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A move to the bench may have fixed Stanley Johnson

The fourth year forward has found his groove since leaving the starting lineup. And it makes sense.

NBA: New York Knicks at Detroit Pistons Rick Osentoski-USA TODAY Sports

Stanley Johnson has needed to break out for a while now. With only 64 regular season games left on his Pistons contract, he’s needed to give them a reason to re-sign him at the end of the season. Since moving to the bench 10 games ago, he’s showing his value.

While it’s still early, the turnaround in his numbers have been dramatic - especially when you look at them per 36 minutes.

Starter: 9 points per 36 minutes, 35/25/80 percent shooting line, 5.8 rebounds, 2 assists, 2.9 turnovers, .9 steals

Bench: 19.4 points per 36 minutes, 47/37/75 percent shooting line, 6.4 rebounds, 2 assists, 1.2 turnovers, 2.6 steals

Holy shit.

There’s a few clear indicators driving the improvement, and they’re certainly logical - which leads to hope that the improvement could be here to stay.

Getting to the rim

Playing next to Andre Drummond and Blake Griffin, too often Stanley Johnson’s role on offense is as a spot up shooter. His effectiveness is tied to his three point shooting, which obviously has never been his strength.

As a starter, only 27 percent of his shots came at the rim. Since moving to the bench, that number has jumped to 47 percent.

Likewise, 60 percent of his shots as a starter were from three point range. 46 percent have been three pointers since moving to the bench. He’s also seen a nice uptick in his performance from three, going from 25 percent to 37 percent. But the important thing is that he’s more than just a three-and-D player, since he’s likely to thrive at only half of that role.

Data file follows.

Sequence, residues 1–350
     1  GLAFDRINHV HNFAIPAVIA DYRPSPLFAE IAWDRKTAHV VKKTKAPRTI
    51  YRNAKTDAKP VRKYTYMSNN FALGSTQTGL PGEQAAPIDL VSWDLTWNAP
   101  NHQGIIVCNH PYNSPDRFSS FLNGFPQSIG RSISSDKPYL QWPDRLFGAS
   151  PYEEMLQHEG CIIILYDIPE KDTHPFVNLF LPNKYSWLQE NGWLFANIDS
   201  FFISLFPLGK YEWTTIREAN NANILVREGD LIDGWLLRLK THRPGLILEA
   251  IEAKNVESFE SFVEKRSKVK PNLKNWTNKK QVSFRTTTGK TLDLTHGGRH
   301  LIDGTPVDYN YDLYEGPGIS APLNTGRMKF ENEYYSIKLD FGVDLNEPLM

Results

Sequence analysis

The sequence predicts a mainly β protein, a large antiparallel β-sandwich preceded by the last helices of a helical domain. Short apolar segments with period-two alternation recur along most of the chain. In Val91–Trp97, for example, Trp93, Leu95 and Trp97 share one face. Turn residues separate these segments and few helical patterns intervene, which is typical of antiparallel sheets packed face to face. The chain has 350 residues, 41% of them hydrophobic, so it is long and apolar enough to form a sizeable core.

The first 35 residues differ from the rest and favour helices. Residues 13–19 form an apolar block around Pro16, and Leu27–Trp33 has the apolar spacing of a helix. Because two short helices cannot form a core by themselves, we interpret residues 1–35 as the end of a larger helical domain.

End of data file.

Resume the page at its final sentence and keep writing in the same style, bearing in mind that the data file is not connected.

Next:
Since moving to the bench, he’s also leading the team with 2.5 fast break points per game - up from .9 points per game as a starter. He’s been a holy terror defensively, generating 2.6 steals per 36 minutes, which has opened up plenty of chances to turn defense into offense.

What’s particularly cool is that he’s actually able to finish these plays now! In the past those plays have looked, well, a bit like this:

Perhaps he’s finally healthy again, after being hampered by a hip injury at points last year. In the second group of clips, he wants to jump off both feet. But this season, he’s been comfortable jumping off one foot and still finishing through contact.

He still doesn’t have much in the way of elevation, but is at least able to use his speed and strength to get the job done.

Playing the four

Stanley Johnson at power forward has always been a tantalizing theory. We’ve seen it for the first time this season and so far it’s been even better than I would have hoped for.

It’s been less of a matter of adding another wing to spread the floor, but rather letting Johnson use his speed and ball handling to attack the rim.

Against a smaller defender, that play would often have resulted in the defender staying in front of Johnson, who resorts to a midrange pull up.

Particularly fun in that Rockets game was Stanley Johnson as point power forward:


It’s always been Johnson’s calling card, and it’s been even better as of late. He’s had a steal in every single game he’s come off the bench.

He also had a signature game, absolutely dominating Kawhi Leonard in the fourth quarter of the Pistons upset in Toronto.

(credit to Mike Snyder for those clips)

After years of “broken Stanley Johnson” jokes in the DBB comments, I loved seeing this:

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As DBBer amazenhazen would put it, Broken Stanley Johnson DELETED Kawhi Leonard and rendered him OBSOLETE.

It’s not the first time that Stanley has given reason for hope. He’s had other months where it looked like he’s finally figured things out, only to fall back to cluelessness on the offensive end.

But this latest stretch looks the most genuine. Hopefully he can keep it up.